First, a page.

The negotiator who uses facts loosely may be someone that seeks to sway you with information. He may do so if he senses your logic is driven by data. In his attempts to sway you, he may quote statistics and/or facts that aren’t as valid as he professes them to be.

If you suspect he’s playing loosely with facts, pull out your mobile device. Ask your favorite Internet site about the validity of his statement. Do that in front of him. You may have to do that a few times. He’ll get the hint that you’re not someone swayed by the tactics he’s employing.

 

Misstates information –

Something that’s stated as the truth is a lie if it’s not true. And, everyone misstates facts at times. This may occur due to faulty memory. Because of that, your guard doesn’t have to be as high as with the other two types. Nevertheless, you should still note the degree of misstatements he makes. If he projects a demure demeanor while doing so, he may be using that as cover to hide his deceit.

 

Test the liar:

Regardless of the type of liar, test him. As an example, cite an erroneous fact pertaining to the negotiation. Observe what he does with it.

  • The habitual liar may embellish it, or attempt to use it to his advantage quickly; this may occur at any point in the negotiation.
  • The loose fact individual may extend your version while waiting to see where it might lead; he’s not ready to bite on your bait. If he brings it up later, note when he does so. That’ll be an insight into how he plans to use such information.
  • The misstates facts person may not say anything; that could be a clue that he’s not overly enamored with facts or the lies that extend from them. But, if he attempts to use the erroneous information to his advantage, consider moving him into one of the other categories.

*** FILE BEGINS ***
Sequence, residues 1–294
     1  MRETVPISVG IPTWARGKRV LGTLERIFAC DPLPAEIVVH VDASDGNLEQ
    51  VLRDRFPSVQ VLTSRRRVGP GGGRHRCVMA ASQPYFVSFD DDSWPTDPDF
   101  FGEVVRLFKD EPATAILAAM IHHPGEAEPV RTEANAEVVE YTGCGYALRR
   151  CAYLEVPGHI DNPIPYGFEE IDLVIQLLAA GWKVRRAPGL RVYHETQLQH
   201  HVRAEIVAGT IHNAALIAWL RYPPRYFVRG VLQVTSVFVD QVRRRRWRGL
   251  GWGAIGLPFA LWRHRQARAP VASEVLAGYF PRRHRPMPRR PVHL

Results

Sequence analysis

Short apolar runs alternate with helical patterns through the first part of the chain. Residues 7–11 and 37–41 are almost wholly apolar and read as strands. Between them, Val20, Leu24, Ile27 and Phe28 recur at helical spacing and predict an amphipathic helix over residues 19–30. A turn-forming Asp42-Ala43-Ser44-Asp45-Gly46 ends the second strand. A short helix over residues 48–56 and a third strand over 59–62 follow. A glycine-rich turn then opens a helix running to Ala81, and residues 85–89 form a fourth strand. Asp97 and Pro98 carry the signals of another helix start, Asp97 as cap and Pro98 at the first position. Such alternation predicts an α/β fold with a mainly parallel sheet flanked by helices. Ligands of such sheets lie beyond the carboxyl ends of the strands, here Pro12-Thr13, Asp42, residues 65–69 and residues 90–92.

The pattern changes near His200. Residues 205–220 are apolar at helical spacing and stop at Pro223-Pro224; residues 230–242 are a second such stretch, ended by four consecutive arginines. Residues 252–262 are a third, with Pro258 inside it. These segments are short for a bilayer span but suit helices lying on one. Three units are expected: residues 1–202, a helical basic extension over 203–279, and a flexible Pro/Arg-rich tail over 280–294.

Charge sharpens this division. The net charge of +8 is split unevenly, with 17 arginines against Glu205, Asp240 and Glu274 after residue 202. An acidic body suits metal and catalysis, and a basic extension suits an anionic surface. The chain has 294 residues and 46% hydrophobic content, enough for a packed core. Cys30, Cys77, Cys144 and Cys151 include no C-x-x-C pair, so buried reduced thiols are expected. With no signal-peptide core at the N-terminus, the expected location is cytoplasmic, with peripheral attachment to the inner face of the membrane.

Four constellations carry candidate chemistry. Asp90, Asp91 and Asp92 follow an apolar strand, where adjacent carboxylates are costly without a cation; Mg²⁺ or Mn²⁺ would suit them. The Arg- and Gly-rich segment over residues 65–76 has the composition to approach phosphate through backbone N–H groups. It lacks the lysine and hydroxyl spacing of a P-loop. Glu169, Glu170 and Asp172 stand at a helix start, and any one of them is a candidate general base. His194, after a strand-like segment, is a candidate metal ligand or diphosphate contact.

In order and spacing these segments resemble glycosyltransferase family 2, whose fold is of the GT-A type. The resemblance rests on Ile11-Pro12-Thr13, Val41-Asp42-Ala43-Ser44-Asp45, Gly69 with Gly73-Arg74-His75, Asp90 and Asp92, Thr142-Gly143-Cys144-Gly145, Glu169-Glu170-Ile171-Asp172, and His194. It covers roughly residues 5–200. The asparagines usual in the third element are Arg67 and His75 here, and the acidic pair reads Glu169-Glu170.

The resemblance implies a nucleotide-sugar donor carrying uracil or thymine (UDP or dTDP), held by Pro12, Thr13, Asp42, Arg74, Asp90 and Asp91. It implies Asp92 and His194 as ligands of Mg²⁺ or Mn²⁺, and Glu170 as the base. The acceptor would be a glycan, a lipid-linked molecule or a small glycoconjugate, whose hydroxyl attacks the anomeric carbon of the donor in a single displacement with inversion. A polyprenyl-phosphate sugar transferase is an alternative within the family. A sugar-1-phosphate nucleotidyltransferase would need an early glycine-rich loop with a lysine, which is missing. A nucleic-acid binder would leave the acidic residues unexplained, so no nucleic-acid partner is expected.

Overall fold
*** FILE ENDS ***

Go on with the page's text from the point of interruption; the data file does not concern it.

If you sense deception, use the web the other negotiator is spinning to capture you, to ensnare him. To do that, if you’re speaking in-person, watch his expressions. Observe the degree his eyebrows rise; to the degree they do so, you will have surprised him. Note what he does next (i.e. stammer, clears his throat, rubs his eye(s)). Those gestures will indicate that he knows you’ve caught him. And he knows that you know it.

 

In every negotiation, a negotiator will lie to some degree. You should be most concerned with those that continuously lack conformity to the truth. They’re the ones that will attempt to expand the negotiation pie, only to steal it from you in the end. Thus, the more adept you are at recognizing and knowing how to negotiate better to avoid a liar’s beating, the less likely you’ll incur that beating … and everything will be right with the world.

 

Remember, you’re always negotiating!

 

After reading this article, what are you thinking? I’d really like to know. Reach me at Greg@TheMasterNegotiator.com

 

To receive Greg’s free “Negotiation Tip of the Week” and the “Sunday Negotiation Insight” click here http://www.TheMasterNegotiator.com/greg-williams/

 

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Posted by Greg Williams in Body Language and Physiognomics, Strategies for Successful Negotiations, Negotiation Tips, Difficult Negotiations & Conflict Resolution, Social Media and Negoiating, Emotional Intelligence, Negotiation Psychology and tagged , , , , , , , , , , , , , , , , , , , , , , , , , , , , ,